Back at the Hotel Breakers we cursed one of Cedar Point's modern little redesigns of stuff. They don't have coffee-makers in the rooms anymore. Nor do they have the coffeepot that used to be at the end of one wing of the building. (Indeed, they don't have that wing anymore, although they're building a replacement.) There's a Starbucks in the hotel but for whatever reason we couldn't get anything from it; all there was would be to go into the park and join the one (1) coffee shop, the Starbucks out front, to get something hot to drink. One of these years we'll remember to bring some tea-bags and some of the similar coffee-bags that bunny_hugger uses when she needs even bad coffee at the office, and use the microwave to heat things up.
We would go into the park to try getting Starbucks coffee, at least --- not an easy task as the one (1) coffee shop had all (415,000) adults in the park in line --- but on the way there had a joyful discovery. The Kiddie Kingdom carousel was running. Apparently they'd gotten whatever part they needed and were able to restore the ride. We took a ride, naturally, and would get a couple more in that Saturday and Sunday before the park closed for the season. We'd also discover among the Halloween attractions in the Kiddie Kingdom was ``Pigpen's Corn Box'', complete with a list of safety guidelines. I was baffled by this concept. It turns out to be a sandbox, only filled with (dry) corn kernels. No eating. No throwing. ``Do not bury your head''. All right, then.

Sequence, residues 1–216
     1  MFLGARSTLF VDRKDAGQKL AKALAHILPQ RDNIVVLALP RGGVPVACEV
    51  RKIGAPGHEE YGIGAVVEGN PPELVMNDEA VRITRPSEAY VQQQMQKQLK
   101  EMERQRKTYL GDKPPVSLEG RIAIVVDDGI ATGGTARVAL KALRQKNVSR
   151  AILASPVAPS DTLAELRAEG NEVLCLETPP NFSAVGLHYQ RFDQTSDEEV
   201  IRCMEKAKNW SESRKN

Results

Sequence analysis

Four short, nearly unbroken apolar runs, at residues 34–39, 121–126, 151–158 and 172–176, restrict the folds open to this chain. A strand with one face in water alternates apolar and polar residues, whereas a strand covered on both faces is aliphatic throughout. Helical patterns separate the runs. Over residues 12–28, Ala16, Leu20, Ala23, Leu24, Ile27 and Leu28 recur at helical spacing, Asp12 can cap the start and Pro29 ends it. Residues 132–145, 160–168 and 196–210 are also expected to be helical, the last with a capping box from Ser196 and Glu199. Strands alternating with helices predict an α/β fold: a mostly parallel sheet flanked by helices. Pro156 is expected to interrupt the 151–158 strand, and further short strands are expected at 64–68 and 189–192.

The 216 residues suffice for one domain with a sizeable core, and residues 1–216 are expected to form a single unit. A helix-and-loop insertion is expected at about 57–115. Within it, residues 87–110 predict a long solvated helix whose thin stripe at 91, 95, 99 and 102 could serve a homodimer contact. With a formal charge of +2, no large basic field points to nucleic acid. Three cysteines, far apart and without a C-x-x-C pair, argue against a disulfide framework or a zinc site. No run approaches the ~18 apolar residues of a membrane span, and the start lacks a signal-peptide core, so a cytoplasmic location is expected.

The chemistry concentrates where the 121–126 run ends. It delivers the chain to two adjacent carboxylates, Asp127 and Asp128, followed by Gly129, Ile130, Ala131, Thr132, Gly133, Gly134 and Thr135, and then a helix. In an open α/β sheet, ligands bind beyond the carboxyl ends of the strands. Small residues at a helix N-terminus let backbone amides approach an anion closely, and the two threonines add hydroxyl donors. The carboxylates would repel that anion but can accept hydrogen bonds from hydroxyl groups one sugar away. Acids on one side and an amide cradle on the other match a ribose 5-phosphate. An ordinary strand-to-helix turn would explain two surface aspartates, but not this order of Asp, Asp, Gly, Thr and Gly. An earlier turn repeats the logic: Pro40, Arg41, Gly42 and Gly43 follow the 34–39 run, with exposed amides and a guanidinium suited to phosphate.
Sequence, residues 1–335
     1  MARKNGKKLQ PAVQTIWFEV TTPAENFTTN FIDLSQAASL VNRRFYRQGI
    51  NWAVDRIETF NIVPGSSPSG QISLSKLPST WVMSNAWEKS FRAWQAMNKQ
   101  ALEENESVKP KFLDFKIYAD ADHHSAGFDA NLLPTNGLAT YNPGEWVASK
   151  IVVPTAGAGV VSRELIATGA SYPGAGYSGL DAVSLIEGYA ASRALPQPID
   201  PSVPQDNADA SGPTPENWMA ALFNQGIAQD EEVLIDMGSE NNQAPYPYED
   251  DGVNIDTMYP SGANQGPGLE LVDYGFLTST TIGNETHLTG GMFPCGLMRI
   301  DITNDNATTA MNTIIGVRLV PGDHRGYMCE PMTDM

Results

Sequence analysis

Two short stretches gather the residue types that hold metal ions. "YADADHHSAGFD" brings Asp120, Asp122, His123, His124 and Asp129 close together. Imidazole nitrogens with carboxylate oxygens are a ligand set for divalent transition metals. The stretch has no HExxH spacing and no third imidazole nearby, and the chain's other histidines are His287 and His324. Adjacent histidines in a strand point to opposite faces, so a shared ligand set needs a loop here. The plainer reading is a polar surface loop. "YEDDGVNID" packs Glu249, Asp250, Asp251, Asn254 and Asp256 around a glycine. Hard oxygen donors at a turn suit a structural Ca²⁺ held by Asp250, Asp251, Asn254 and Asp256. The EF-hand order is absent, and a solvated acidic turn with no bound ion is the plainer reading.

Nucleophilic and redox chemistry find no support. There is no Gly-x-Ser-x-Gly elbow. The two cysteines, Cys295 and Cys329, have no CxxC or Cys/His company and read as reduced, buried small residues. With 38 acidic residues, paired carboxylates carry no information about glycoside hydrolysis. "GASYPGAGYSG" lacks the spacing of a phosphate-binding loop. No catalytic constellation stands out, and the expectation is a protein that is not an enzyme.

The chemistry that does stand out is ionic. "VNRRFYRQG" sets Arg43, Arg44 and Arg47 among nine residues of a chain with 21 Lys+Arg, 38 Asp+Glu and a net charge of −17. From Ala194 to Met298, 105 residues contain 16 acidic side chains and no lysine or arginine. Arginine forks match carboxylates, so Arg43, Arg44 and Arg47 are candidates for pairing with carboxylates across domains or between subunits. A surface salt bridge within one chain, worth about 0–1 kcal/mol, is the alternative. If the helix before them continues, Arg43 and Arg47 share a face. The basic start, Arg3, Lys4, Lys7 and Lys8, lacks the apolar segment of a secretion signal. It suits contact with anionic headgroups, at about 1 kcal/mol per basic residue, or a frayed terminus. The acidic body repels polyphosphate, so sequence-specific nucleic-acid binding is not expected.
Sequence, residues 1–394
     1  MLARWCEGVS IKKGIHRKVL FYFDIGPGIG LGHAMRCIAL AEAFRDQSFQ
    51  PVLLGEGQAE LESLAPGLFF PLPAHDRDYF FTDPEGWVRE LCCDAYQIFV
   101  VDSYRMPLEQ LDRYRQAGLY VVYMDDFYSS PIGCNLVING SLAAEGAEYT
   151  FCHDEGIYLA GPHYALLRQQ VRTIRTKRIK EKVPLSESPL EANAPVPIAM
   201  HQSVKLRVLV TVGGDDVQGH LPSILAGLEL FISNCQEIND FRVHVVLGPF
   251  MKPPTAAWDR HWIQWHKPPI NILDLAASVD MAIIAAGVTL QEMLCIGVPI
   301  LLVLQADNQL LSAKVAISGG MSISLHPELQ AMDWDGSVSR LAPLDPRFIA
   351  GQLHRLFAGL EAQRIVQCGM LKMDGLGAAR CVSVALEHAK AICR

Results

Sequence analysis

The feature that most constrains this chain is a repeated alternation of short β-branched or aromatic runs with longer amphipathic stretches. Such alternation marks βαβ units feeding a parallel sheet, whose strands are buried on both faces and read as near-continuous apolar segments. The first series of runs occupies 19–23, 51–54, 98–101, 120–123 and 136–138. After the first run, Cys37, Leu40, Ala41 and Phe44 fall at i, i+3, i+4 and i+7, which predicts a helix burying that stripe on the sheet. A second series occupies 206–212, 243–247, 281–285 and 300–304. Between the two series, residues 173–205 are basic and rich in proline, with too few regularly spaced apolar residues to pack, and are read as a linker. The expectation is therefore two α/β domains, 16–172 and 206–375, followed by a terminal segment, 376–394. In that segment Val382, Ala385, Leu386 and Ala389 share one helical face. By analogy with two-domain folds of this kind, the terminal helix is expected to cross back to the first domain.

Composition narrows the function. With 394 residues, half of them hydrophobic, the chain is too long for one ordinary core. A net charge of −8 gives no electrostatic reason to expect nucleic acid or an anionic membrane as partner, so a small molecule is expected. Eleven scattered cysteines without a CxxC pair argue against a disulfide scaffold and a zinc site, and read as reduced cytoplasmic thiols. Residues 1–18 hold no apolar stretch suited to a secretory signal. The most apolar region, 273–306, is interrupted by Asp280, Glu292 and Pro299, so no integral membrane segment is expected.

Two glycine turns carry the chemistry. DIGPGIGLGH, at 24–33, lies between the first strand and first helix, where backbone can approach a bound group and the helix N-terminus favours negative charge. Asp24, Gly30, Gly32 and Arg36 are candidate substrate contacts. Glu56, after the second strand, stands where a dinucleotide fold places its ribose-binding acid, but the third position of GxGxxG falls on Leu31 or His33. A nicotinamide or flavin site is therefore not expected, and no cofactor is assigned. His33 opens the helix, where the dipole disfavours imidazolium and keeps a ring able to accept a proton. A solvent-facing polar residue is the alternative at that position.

We also discovered a few people carrying what sure looked like Breakers Hotel coffee cups. Some of the stands, it turned out, sold hot chocolate, which would be good enough for me but not satisfy bunny_hugger's coffee desires. The park really has messed up in its coffee supplies; at least a few stands used to have some, even if it weren't on-menu. Now there's the one source and it's in a lousy spot and hasn't got anywhere near the capacity for a late October weekend crowd.
Around Frontiertown we poked into the gem shop and discovered (a) they sold ``peacock ore'', rocks with these wonderful iridescent colors that (b) were not actual peacock ore --- copper iron sulfide --- but rather ``chalcopyrite [ ... ] treated with an acid to make it look like natural bornite'', according to their information card. Something about me is still trying to quite process that.
The petting farm had closed for the night by the time we got around there, although we could watch some of their bigger animals from outside the fence. And there's geese and ducks and stuff that can get out into nearby ponds or are maybe just wild animals that have figured out it's a good spot.
In the glass shop we learned that the more elaborate, and expensive, figures like sea serpents were now safely under glass themselves. And we caught the glass-blowing show, demonstrating how to make a goldfish, again. It's always fascinating watching and even in the theater seats you can get occasional waves of heat from the glass furnace, which is pretty welcome in late October. And it's so amazing to watch the molten glass be worked just so easily, at the end of long sticks of metal.